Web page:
Review by Dan Ha
Before I start to review Andreas Varady’s debut album, let me start by bringing some to light the fact that this soon-to-be jazz guitar sensation just recently turned 17 years of age... 17! I’ll give you a second to wrap that fact around your head. Mr. Andreas Varady is a late-teenager from Slovakia who started playing guitar at the age of four. Then, in early 2013, at the age of 15, Varady’s young potential was impressive enough to catch the ear of Quincy Jones, whom quickly signed Varady to his current label, Verve Records. With such success at such a young age, it is clear that Varady's musical ability is mature beyond his years.
On the fifth of August of 2014, Varady released his debut album through Mr. Jones and Verve Records. This album is a collection of both originals and covers, with a heavier emphasis on the non-originals. He introduces the album with the relaxing, straight-groove ballad, “Do It Again,” which serves as the perfect allusion to the vibe of his following songs. The very basic instrumentation of this track allows Varady to be flashy when called upon, but the more impressive feat about this track is that Varady holds back on over-ornamentation of most of his guitar lines. Numerous times throughout the song, Varady has many opportunities to be very technical and extravagant. The fact that he still chooses to play simple parts is impressive because he is able to tame his ego as a great musician to give the song some breathing room. His ability to recognize this is one reason why Varady is, as I stated before, mature beyond his years.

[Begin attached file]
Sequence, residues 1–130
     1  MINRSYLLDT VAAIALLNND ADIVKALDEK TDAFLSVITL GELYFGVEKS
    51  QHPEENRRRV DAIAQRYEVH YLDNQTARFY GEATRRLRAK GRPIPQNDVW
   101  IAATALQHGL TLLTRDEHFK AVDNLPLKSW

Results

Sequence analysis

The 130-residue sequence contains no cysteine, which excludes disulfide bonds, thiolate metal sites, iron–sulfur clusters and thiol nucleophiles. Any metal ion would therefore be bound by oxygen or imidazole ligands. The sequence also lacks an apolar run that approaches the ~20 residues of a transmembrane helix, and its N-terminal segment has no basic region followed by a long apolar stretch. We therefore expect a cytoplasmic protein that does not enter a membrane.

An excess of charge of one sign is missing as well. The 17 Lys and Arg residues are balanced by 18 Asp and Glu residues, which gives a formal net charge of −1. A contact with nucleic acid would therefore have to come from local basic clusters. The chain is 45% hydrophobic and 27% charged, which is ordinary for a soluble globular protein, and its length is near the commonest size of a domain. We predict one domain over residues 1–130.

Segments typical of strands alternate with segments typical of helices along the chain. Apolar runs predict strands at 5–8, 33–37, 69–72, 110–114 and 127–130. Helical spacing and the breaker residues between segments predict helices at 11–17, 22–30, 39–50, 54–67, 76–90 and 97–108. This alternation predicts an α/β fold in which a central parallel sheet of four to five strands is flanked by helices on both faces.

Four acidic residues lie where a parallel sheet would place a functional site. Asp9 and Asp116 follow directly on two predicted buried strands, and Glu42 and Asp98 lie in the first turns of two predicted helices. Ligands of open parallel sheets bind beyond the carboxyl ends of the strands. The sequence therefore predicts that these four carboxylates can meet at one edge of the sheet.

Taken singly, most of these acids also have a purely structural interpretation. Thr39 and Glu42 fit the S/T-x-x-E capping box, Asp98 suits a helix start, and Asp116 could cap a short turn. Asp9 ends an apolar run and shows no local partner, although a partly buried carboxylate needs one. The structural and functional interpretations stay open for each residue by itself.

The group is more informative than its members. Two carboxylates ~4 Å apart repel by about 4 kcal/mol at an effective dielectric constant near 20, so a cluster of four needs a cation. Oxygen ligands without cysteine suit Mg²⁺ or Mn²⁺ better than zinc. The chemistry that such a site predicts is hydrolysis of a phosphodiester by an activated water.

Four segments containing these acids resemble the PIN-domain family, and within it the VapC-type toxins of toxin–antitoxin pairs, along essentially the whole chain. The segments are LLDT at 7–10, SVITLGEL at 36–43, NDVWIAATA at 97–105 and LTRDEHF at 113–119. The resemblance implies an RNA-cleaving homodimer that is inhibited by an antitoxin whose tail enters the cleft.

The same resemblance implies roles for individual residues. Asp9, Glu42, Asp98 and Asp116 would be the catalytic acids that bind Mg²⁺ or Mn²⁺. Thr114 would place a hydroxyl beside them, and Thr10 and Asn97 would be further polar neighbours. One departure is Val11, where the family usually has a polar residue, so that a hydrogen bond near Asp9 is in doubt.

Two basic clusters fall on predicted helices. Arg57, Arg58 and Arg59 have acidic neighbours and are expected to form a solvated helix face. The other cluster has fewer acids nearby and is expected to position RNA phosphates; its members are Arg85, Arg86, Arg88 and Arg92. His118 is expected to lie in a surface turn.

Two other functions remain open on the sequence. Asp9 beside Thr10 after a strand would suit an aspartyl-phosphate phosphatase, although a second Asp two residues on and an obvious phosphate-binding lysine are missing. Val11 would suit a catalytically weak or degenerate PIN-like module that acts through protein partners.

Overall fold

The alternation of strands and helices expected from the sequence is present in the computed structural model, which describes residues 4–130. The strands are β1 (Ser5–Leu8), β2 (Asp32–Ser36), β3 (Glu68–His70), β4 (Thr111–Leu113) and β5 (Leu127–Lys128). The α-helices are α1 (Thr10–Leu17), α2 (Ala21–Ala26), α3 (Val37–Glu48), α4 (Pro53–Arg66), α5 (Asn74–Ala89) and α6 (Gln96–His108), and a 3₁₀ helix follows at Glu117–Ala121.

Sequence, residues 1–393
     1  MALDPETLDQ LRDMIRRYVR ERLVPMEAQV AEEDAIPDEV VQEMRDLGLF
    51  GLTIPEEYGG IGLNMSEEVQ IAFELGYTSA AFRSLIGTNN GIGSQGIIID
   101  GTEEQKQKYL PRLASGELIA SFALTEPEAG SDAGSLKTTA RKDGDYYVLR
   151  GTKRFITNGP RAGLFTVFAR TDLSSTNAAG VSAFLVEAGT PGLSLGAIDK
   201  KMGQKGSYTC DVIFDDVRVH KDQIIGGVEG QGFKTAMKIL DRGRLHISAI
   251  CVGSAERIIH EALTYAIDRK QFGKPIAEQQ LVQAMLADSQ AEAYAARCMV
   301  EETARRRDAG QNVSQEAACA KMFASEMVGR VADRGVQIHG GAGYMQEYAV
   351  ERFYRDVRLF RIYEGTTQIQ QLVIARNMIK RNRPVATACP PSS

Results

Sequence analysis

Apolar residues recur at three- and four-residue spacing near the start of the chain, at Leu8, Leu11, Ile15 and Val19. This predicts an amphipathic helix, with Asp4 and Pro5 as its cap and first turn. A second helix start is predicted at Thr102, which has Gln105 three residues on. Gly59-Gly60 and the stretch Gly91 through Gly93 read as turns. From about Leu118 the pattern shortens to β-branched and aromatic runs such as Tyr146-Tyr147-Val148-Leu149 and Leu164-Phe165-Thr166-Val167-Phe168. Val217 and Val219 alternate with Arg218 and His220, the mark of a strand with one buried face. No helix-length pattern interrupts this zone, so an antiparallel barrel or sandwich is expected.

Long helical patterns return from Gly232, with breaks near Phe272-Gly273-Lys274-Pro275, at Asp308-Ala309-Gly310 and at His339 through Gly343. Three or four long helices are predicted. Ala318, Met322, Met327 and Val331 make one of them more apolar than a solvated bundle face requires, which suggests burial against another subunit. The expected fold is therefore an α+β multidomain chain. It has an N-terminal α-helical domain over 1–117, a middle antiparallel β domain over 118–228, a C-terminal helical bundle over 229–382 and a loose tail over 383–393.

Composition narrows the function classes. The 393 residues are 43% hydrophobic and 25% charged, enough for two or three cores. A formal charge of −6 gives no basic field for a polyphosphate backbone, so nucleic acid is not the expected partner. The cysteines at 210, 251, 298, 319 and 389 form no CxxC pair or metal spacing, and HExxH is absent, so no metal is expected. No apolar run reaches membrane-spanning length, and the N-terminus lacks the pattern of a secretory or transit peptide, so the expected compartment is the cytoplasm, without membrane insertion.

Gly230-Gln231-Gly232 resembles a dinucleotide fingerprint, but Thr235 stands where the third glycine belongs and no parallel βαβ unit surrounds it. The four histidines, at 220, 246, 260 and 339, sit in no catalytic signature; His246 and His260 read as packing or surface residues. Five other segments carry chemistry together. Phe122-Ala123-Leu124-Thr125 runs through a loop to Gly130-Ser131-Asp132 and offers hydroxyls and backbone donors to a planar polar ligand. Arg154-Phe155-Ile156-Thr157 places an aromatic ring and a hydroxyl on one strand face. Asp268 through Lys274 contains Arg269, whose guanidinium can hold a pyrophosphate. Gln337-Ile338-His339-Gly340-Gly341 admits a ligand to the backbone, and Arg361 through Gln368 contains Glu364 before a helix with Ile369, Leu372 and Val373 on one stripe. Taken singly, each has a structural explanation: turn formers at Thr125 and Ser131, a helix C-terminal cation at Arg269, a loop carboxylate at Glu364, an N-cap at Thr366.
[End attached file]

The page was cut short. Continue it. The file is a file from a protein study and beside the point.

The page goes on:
Admittedly, one of my favorite songs on the record is a cover of an original which I am not a fan of, at all. The fourth track of the record, “Baby,” originally performed by the pop icon, Justin Bieber, is appealing to me because it features the flashy fusion jazz/pop band, Dirty Loops. Dirty Loops is a very extravagant three-piece outfit that showcases their musical talent to the utmost extent. Every member in the three-piece plays skillfully difficult parts, and in regards “Baby,” Varady proves that he can hang with the technical and the flashy. Unlike “Do It Again,” Varady throws caution to the wind with his guitar parts and straight-up shreds throughout the whole song. I never thought that I would be able to say that I enjoy the song “Baby,” but after hearing Andreas Varady and Dirty Loops’ version, my perspective on this song has changed, and it has changed for the better.
While “Baby” may be one of my favorites on this record, it cannot beat out the last song on the record for my top regard. “Swing 42,” which was originally performed by Django Reinhardt, is too groovy for me to resist swinging my body to. The song has such an infectious and happy bounce, it is difficult to listen to it and not be put in a better place.
If you’re looking for a solid instrumental jazz record that is very straight forward, Andreas Varady’s self-titled record is definitely a strong place to start. Its combination of timeless classics and new-age pop hits gives this record the potential to reach a wide audience of music lovers. Very well played, Varady, well played.
Listen to “Baby” or “Swing 42”